Life: October 5, 1829 – November 18, 1886
Presidential Years: 1881-1885
Vice President: None
The book: Gentleman Boss: The Life of Chester Alan Arthur by Thomas C. Reeves (500 pages)
Date finished: May 22, 2017
A man no one wanted to be president becomes president. The public has very little faith in him, thinking he’s corrupt and in the pockets of businessmen from New York. Will it turn out OK?
As Arthur ascended to office, one of the prevailing quotes of the day was, “Chet Arthur President of the United States. Good God.”
Before that, he was the son of a preacher. He was born in Vermont and grew up in Albany, N.Y. He joined the Union Army but never really saw battle, getting close while examining troops in the South in 1862. He spent most of his time in the military building political connections.
After the war, he became connected with New York’s governor and was elected to the Century Club, where he “could now meet the likes of J. Pierpont Morgan, the actor Edwin Booth” and others. His election “undoubtedly involved Arthur’s literary proficiency but it mostly bore evidence of his increasing status within the Republican party.”
And that was a positive for Arthur, as it was a time when Tammany Hall had a firm grip on all of New York’s politics.
“The postwar years were infected with corruption; the decay of standards seems to have been triggered by the cynicism that followed the crusade to end slavery and the emergence of Big Business. … The Gilded Age was fire with thievery, bribery, fraud and personal irresponsibility.”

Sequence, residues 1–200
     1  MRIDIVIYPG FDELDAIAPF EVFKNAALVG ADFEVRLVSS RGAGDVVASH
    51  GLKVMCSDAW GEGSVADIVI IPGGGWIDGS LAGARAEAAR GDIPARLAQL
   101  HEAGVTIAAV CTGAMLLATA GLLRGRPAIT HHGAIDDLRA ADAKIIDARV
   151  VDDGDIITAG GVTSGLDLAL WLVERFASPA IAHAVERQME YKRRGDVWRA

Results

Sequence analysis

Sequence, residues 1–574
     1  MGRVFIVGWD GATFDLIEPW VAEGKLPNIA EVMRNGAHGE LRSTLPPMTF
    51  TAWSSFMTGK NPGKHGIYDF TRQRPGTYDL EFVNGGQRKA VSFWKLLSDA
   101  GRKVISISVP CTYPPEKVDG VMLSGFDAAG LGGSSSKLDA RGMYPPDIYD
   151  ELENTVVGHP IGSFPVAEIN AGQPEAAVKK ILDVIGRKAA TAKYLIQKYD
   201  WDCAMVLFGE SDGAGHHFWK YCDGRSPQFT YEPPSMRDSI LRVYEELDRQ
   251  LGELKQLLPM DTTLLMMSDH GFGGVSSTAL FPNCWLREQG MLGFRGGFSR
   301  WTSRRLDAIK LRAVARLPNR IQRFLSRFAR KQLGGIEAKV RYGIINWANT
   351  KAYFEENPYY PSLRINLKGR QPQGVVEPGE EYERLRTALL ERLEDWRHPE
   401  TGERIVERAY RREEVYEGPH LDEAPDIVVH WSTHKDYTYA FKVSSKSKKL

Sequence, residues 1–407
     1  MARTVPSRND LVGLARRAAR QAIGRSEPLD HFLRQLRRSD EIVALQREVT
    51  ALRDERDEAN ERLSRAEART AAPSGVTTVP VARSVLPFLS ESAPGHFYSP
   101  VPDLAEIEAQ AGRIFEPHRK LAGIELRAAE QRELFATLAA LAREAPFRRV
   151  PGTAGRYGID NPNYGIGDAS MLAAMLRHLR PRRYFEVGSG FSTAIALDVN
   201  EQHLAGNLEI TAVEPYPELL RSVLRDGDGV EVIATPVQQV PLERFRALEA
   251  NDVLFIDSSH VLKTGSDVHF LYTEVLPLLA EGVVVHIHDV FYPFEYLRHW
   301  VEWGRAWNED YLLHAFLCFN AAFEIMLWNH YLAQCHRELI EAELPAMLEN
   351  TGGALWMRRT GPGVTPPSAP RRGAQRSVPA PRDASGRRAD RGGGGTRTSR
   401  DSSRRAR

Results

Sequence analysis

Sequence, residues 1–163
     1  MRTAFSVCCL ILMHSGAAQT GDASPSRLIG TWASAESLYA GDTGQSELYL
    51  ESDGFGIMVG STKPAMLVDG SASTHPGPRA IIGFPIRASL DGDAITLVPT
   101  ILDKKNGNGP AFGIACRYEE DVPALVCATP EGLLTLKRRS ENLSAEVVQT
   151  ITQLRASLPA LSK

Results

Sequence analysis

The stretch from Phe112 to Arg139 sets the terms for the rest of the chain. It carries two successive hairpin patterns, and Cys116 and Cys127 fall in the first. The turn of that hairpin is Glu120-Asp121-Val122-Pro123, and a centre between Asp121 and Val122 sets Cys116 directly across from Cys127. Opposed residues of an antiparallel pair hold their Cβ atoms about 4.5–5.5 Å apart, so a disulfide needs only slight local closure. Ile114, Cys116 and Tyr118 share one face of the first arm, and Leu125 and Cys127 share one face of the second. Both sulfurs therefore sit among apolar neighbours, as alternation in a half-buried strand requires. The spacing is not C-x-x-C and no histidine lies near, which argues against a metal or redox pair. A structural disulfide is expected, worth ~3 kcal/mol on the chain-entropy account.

And though by all accounts, Arthur, a snappy dresser who was devoted to his wife even after she died in 1880 and was fervently anti-slavery, was hardly an irresponsible man, he did partner with some of the shadiest, self-promoting characters in the country. His rise up the Republican Party ranks after the war set the stage for two lifelong relationships — a friendship with the irascible Roscoe Conkling and a rivalry with James G. Blaine.
His partnership with Conkling began in earnest 1868 upon Arthur’s appointment as chairman of the New York City Republican executive committee. Ulysses S. Grant appointed Arthur to the “lucrative and politically powerful” New York port Collector, solidifying him as a member of the Republican Party’s Stalwart faction. Collector was an important job, but also one that lined his and many others’ pockets, as he took a cut from every item that came through the port.
The Stalwarts controlled the majority of the party and reigned in a machine that doled out jobs through patronage. In fact, their only real platform was keeping the spoils system intact. But when Rutherford B. Hayes became president, he aimed to remove the patronage system as he had removed liquor from the White House — quickly and with much fanfare. He fired Arthur from his post and issued an executive order forbidding federal employees from managing political campaigns and requiring “donations” to campaigns. This set up a huge fight with Conkling, who initially was going to run for president in 1880, and James Blaine, a reform-minded senator who also was running.
The 1880 Republican convention was a stalemate until votes started moving over for James Garfield. To placate the Stalwarts in the party, he offered the vice presidency to Arthur. Conkling tried to persuade Arthur to decline, but Arthur, saying “the office of the Vice-President is a greater honor than I ever dreamed of attaining,” accepted.